THE HUMAN SIDE OF OPTOMETRY
What I Learned at School
A stuck lens reaffirms a personal philosophy.
BY EMILY NICOLL, O.D.
One Friday afternoon, I received an emergency message from a local elementary school about one of my patients, Ann, age 5. With blond hair and blue eyes, Ann was a 4.00D myope whose mom had a -5.00D soft lens correction and whose dad had a -11.00D soft lens correction.
Two weeks earlier, I'd fit Ann with rigid gas permeable (RGP) lenses. I usually spent two 1-hour sessions teaching children about the insertion, removal and care of lenses before dispensing them. But I had to bring Ann back for a few more sessions before I felt comfortable dispensing the lenses to her. During the sessions, I let her take breaks to have cookies and milk, a technique I often used with kids, because the office was in my house.
Responding to the call
When I returned the call from the school, a near-frantic school nurse told me that a contact lens had slid off Ann's cornea. While the nurse was trying to help remove it, the lens became firmly adhered to the nasal sclera, causing discomfort.
The school couldn't reach Ann's mother or father, so she asked the nurse to call me. The administration thought that they should take her to the hospital emergency department, but that prospect upset Ann even more, and she repeated her request to call me.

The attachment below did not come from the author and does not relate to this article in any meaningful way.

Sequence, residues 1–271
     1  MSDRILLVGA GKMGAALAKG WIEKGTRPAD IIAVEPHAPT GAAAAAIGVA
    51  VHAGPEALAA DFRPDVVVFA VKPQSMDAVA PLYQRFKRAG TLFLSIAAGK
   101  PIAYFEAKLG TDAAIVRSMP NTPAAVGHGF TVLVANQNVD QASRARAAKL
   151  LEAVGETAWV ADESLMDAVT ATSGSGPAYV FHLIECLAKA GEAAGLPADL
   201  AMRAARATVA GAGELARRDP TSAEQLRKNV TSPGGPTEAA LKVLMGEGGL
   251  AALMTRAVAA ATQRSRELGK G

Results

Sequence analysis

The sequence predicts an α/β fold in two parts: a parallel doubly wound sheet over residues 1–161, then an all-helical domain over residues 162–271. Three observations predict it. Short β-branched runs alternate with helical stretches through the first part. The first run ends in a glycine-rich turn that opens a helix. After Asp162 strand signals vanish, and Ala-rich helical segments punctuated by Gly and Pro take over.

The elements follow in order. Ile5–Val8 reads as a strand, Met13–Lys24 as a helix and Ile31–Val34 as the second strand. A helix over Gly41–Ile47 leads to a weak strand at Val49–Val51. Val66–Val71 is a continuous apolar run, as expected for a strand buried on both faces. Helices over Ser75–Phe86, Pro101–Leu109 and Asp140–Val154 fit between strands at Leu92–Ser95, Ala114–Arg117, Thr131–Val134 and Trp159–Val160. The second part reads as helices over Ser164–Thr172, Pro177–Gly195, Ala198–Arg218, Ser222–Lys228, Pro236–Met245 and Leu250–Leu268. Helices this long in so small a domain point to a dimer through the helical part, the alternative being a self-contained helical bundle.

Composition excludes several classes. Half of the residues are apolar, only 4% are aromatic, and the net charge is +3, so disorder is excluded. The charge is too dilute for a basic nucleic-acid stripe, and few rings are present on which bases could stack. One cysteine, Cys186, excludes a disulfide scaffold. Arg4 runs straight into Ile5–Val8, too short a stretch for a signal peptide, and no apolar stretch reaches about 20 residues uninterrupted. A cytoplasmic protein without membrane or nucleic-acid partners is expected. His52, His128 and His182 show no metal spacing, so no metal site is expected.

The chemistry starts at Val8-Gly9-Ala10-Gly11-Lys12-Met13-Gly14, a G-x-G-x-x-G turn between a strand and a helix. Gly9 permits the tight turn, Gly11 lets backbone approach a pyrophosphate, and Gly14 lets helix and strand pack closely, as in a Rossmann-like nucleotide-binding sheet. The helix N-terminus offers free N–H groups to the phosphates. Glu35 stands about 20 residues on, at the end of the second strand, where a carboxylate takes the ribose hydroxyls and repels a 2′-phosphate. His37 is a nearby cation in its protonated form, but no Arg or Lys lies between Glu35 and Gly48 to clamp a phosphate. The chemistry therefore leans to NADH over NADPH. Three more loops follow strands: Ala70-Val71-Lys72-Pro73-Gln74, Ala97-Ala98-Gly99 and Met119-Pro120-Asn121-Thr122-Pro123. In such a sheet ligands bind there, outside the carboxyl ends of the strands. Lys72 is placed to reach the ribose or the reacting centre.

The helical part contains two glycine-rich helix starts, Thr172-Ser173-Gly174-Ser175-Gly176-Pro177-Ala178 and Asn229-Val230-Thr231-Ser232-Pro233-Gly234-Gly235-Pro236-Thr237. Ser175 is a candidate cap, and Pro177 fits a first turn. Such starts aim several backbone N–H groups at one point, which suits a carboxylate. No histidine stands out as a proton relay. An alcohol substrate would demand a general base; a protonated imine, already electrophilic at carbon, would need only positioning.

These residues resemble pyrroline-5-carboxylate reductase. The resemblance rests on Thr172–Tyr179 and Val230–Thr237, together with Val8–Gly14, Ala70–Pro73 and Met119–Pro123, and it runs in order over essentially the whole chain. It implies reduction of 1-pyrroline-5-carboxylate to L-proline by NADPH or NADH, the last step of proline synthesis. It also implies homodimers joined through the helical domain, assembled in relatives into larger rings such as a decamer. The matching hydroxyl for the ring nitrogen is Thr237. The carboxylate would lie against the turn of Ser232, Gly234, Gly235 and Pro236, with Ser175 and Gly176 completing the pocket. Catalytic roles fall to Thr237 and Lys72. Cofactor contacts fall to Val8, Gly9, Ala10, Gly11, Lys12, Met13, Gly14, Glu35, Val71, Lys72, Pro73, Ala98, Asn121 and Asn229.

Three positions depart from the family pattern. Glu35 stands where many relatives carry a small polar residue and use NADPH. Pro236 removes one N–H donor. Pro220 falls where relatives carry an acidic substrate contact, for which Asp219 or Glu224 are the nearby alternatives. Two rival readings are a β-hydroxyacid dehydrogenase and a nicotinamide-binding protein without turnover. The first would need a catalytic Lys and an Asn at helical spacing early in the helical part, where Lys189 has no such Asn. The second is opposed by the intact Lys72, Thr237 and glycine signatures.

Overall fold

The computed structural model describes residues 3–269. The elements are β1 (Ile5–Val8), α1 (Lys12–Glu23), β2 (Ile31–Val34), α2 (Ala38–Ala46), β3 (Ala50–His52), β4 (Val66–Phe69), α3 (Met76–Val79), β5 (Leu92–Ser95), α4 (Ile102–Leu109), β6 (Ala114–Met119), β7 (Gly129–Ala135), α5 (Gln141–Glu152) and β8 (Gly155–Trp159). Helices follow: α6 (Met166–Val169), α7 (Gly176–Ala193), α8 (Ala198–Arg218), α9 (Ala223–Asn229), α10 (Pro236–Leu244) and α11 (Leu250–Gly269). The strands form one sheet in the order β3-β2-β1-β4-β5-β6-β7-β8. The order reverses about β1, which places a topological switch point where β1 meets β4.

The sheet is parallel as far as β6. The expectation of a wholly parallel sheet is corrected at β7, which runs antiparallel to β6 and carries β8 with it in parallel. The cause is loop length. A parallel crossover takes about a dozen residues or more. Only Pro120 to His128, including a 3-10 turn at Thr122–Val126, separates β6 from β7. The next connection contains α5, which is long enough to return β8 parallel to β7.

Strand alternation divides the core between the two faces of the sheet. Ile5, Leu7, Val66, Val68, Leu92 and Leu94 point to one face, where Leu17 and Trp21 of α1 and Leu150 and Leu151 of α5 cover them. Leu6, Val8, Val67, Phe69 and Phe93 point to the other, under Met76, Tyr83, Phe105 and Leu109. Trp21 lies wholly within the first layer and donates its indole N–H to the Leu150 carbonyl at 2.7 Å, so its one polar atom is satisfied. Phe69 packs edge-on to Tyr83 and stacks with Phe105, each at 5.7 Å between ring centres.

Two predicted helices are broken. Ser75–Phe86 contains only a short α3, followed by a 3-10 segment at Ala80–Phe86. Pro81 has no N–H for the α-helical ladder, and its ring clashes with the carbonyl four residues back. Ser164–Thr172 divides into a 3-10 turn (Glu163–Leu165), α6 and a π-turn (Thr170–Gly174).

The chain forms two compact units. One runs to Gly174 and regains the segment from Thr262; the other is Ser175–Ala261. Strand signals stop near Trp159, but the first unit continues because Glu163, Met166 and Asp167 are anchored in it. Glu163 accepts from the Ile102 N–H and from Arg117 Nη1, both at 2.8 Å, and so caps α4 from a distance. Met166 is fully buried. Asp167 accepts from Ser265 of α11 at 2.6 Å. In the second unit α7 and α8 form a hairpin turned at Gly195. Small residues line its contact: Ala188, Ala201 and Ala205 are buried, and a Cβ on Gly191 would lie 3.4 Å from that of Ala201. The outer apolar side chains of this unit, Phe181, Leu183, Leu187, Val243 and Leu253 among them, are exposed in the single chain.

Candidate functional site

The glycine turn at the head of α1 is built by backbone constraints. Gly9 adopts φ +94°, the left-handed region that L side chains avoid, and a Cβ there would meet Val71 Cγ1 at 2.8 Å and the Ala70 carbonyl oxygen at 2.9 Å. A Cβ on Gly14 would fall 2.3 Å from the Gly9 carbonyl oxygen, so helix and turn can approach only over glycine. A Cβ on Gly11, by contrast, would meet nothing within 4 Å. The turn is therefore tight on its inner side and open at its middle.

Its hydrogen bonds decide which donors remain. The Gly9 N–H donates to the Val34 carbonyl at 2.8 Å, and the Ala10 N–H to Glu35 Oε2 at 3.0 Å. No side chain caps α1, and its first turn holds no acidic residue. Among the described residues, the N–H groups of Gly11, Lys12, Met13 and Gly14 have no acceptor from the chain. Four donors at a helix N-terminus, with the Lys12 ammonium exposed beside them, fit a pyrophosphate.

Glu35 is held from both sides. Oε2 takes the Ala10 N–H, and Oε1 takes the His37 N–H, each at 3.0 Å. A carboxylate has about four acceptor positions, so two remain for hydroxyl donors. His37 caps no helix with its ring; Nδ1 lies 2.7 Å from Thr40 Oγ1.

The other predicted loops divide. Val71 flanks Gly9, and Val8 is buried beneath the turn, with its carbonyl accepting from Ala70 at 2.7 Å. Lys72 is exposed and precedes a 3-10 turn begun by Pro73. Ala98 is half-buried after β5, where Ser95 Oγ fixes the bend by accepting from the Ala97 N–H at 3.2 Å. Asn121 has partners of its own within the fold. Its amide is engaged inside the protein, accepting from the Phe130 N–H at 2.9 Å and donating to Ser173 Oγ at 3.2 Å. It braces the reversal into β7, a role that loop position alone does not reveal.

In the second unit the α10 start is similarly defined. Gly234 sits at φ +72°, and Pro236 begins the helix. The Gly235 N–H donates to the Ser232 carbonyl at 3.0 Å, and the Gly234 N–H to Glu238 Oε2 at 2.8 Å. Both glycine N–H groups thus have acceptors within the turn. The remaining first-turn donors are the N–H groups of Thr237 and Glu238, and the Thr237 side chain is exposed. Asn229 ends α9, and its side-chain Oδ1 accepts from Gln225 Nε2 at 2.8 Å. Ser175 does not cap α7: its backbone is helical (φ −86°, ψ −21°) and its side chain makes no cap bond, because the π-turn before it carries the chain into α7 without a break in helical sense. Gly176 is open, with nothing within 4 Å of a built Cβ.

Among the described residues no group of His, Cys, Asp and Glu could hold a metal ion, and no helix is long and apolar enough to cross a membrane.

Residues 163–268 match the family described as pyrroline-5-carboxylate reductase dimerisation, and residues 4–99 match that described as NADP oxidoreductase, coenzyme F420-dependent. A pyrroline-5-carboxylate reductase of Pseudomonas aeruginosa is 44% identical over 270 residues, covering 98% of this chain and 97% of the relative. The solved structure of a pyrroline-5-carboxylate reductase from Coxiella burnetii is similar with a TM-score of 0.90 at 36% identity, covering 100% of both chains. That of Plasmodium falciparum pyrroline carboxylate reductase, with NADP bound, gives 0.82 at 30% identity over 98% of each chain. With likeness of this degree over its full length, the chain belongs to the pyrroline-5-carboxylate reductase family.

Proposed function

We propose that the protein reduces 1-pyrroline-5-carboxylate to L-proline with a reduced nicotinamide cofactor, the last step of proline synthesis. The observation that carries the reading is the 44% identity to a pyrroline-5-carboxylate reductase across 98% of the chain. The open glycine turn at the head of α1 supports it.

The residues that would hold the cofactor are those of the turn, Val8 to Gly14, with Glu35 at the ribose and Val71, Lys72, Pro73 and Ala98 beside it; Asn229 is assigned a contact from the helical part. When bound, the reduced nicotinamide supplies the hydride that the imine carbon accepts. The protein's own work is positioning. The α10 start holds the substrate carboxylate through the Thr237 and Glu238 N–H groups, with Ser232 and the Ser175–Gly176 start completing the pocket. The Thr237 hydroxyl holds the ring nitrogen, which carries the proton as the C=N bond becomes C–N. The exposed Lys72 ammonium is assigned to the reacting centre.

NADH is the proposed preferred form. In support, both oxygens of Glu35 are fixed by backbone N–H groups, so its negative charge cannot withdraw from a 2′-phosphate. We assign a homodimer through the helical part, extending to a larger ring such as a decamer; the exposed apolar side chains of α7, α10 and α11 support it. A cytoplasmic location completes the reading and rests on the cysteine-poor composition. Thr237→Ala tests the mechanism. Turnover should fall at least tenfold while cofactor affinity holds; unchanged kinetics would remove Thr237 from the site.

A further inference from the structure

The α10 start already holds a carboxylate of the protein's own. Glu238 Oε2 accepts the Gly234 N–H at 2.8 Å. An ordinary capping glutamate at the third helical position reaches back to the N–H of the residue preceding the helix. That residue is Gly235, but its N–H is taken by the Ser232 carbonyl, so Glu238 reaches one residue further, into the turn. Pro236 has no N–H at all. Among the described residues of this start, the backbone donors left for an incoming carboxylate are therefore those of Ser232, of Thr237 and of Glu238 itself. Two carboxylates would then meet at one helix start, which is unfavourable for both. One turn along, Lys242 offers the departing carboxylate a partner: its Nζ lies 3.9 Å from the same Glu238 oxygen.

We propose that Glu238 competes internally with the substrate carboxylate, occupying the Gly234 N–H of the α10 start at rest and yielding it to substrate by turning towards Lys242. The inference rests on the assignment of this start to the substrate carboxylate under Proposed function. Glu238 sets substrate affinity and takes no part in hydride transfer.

"Dr. Emily is an eye doctor and she can fix it," she said. "She'll use that sucky thing [rigid contact lens plunger]. Mommy would say it's okay to call her. Please call Dr. Emily. We always call her with eye problems." Ann took my card from her contact lens case and showed them that I'd written, as I usually did, "Call me any time you have trouble."
I drove the few miles to the school with the DMV remover, fluorescein and a Burton light and removed the lens. "I told them to call you," Ann said. "I knew you'd come and fix it."
I later showed the school nurse RGP removal techniques and gave her the plunger to keep. I also explained to her that I fit RGP lenses on a child so young because they'd proven to retard myopic progression. The earlier children start to wear RGP lenses, the less myopia they're likely to have. That was especially the case with Ann, because both of her parents were very myopic, and she had a high correction at a young age.
Following the incident, Ann was a celebrity among her friends because her eye doctor came to school to help her. What's more, the nurse and other school staff members avidly supported our practice by referring patients. Ann's parents appreciated my extra concern and help.
A good day
My encounter with Ann happened 12 years ago. Ann remained my patient until my husband and I retired from practice 3 years ago. Recently, I saw Ann in a store. She was still wearing contact lenses and had experienced only a slight increase in her myopia since I originally fit her with RGPs as a child.
When I think back on removing Ann's lens, I realize that most days don't get much better than that Friday afternoon. Helping Ann reaffirmed my feeling that the time and effort we spend caring for patients who wear RGPs leads to a special doctor-patient bond. It's one of the special treasures of our profession, and something they don't teach you in optometry school.
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Optometric Management, Issue: September 2001